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Sex-specific foraging of an apex predator puts females at risk of human-wildlife conflict

Citation

Schultz, Hendrik et al. (2021), Sex-specific foraging of an apex predator puts females at risk of human-wildlife conflict, Dryad, Dataset, https://doi.org/10.5061/dryad.cc2fqz65t

Abstract

Urbanisation and anthropogenic alteration of ecosystems has led to conflict between humans and wildlife. Such conflict is often observed in apex predators. Although human-wildlife conflict has been extensively studied, male/female differences in behaviour are rarely considered.

We investigated male/female differences in foraging behaviour of the predatory/scavenging brown skua Catharacta antarctica lonnbergi breeding on a New Zealand island nature reserve in proximity to farmland. These skuas are subject to culling, when perceived as a threat to livestock.

As part of a long-term ecological study, we used high-resolution Global Positioning System (GPS) devices to characterise the space-use of foraging brown skuas. We also analysed stable isotopes of carbon (δ13C) and nitrogen (δ15N) from modern and archived blood samples to investigate possible changes in diet over the past ~30 years.

Analysis of 100 GPS tracks collected from 2014-16 demonstrated that males and females consistently visited different habitats. Males spent most of their time close to their breeding territory on the island nature reserve and females frequently visited a farmed island approximately two kilometres away. Consistent with this finding, we show that male and female skuas also differed markedly in their diets: males specialised on burrow-nesting white-faced storm petrels Pelagodroma marina (80%) with only a small proportion of sheep remains Ovis aries (<6%) contributing to their diet. In contrast, female diet comprised 27% white-faced storm petrels, other seabirds (18%), and a relatively large proportion of sheep remains (47%). Further, our data (186 blood samples from 122 individuals) show that this male / female difference in diet has persisted at least since 1987.

Because females fed disproportionally on sheep remains, they may be more vulnerable to being culled by farmers. Importantly, our case study suggests that intersexual differences in diet and foraging patterns can have major implications for the reproduction and survival of apex predators that interact with farming. We strongly suggest that intersexual differences in behaviour should be considered when investigating human-wildlife conflicts.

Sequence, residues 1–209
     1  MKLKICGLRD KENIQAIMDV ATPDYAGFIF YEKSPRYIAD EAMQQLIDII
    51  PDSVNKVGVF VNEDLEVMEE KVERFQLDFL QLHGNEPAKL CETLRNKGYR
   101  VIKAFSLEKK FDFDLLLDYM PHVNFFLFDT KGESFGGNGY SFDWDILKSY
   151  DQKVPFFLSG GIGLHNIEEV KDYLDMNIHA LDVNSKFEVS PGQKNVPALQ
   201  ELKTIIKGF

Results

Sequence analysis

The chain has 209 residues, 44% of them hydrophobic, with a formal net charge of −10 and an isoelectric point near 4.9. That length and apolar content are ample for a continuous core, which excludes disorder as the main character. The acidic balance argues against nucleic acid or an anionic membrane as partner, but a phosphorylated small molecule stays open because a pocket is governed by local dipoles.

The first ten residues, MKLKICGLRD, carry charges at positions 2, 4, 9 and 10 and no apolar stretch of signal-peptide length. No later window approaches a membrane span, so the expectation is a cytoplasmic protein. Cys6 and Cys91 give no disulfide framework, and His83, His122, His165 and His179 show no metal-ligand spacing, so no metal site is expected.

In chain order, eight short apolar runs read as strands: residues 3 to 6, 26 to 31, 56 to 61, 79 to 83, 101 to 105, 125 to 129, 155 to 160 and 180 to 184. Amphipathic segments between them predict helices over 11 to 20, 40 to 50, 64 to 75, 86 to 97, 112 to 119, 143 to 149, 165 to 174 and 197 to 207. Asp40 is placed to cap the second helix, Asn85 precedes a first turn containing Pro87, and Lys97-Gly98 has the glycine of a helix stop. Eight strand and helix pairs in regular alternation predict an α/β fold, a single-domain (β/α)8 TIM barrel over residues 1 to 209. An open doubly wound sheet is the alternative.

Methods

See published article.

Usage Notes

Readme files – there are three archived datasets associated with this publication.

01. Skua blood stable isotope data

The first file contains stable isotope data (d13C and d15N) from whole blood of brown skuas (Catharacta antarctica lonnbergi) breeding on the Chatham Islands (filename '01. Skua blood isotopes Schultz et al | J Anim Ecol.xlsx'). The file contains the following information / columns:

SampleID

Unique identifier for each blood sample

Species

Species identifier (here brown skua)

Tissue

Type of tissue analysed (here blood only)

BirdID

Unique identifier for each bird

Sex

Gender information

Year

Sampling year

Origin

Indicates whether samples are modern (2014-16) or archived (1987-1993)

d15N

Stable nitrogen isotope values

d13C

Stable carbon isotope values

d13CadjSuess

Stable carbon isotope values adjusted for the Suess effect

 

02. Prey muscle isotope data

A second dataset includes stable isotope values (d13C and d15N) from muscle tissue of respective prey species (filename '02. Prey isotopes Schultz et al | J Anim Ecol.xlsx'). The file contains the following information / columns:

SampleID

Unique identifier for each blood sample

Species

Species identifier

Atomic.wt.C.N.ratio

Atomic C:N ratio

Mass.C.N.ratio

Mass C:N ratio

d13C

Stable carbon isotope values

lipid.corrected.d13C

Stable carbon isotope values, mathematically corrected for lipid content

d15N

Stable nitrogen isotope values

Concdepd13C

Concentration dependence for stable carbon

Concdepd15N

Concentration dependence for stable nitrogen

 

03. Skua GPS tracking data

A third file includes GPS tracking data of brown skua collected during the study period (2014-16) (filename '03. Skua GPS Schultz et al | J Anim Ecol.xlsx'). The file contains the following information / columns:

BirdID

Unique identifier for each bird

Sex

Gender information

NestID

Unique identifier for each nest site

NestDistanceHarv

Great Circle Distance from each respective location to the nest site

Year

Sampling year

Latitude

Latitude in World Geodetic System (WGS84) format

Longitude

Longitude in WGS 1984 format in World Geodetic System (WGS84) format

POINTX_CITM

Longitude in Chatham Islands Transverse Mercator projection

POINTY_CITM

Latitude in Chatham Islands Transverse Mercator projection

TripID

Unique identifier for each trip (i.e. series of consecutive locations outside a radius of 100m around the nest site)

Funding

New Zealand International Doctoral Research Scholarship, Award: N/A

Birds New Zealand Research Fund, Award: N/A

James Sharon Watson Conservation Trust, Award: N/A

The University of Auckland, Award: N/A

New Zealand International Doctoral Research Scholarship

Birds New Zealand Research Fund

James Sharon Watson Conservation Trust